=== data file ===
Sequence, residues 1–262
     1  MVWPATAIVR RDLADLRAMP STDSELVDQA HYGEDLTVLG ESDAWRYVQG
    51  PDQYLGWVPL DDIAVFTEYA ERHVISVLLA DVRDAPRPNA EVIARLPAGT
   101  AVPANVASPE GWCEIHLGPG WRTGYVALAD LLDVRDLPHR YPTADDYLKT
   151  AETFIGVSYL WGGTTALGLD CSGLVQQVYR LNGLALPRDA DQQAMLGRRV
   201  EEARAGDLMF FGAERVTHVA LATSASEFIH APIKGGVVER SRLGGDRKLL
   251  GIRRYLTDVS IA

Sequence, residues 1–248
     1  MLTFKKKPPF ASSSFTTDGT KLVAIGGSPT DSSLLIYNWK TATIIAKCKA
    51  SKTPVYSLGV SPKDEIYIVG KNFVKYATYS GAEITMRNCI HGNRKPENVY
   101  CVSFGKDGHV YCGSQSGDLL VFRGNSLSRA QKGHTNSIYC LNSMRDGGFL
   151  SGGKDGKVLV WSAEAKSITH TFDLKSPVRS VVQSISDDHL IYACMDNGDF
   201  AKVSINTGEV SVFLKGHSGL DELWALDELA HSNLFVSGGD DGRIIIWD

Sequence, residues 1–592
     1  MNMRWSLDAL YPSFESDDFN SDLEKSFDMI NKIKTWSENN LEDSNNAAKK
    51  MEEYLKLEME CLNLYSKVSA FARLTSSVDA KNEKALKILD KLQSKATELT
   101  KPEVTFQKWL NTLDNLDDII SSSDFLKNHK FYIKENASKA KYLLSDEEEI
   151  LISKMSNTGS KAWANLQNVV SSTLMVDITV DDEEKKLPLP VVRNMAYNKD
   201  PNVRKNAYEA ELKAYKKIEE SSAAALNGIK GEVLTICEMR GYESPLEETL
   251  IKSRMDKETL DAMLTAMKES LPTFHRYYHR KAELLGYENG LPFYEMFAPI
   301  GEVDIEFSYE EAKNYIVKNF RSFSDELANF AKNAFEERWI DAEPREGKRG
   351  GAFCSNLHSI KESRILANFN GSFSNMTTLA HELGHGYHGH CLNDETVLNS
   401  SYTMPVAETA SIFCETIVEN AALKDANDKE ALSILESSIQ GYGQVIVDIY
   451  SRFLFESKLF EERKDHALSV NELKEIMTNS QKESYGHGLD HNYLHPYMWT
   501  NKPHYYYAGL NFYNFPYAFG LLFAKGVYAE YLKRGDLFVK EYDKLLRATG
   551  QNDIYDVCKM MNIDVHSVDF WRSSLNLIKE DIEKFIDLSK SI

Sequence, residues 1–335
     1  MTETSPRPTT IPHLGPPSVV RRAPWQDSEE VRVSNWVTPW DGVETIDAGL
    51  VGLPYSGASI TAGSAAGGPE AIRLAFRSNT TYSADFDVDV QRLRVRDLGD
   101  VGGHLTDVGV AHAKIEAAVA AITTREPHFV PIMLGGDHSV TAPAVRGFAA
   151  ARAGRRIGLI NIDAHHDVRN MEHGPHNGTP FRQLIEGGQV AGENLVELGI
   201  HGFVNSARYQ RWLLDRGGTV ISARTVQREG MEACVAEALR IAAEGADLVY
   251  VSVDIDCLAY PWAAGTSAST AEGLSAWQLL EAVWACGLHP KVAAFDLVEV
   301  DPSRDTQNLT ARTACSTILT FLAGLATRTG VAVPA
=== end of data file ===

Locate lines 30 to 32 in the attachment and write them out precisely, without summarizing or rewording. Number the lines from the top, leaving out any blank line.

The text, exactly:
   101  VGGHLTDVGV AHAKIEAAVA AITTREPHFV PIMLGGDHSV TAPAVRGFAA
   151  ARAGRRIGLI NIDAHHDVRN MEHGPHNGTP FRQLIEGGQV AGENLVELGI
   201  HGFVNSARYQ RWLLDRGGTV ISARTVQREG MEACVAEALR IAAEGADLVY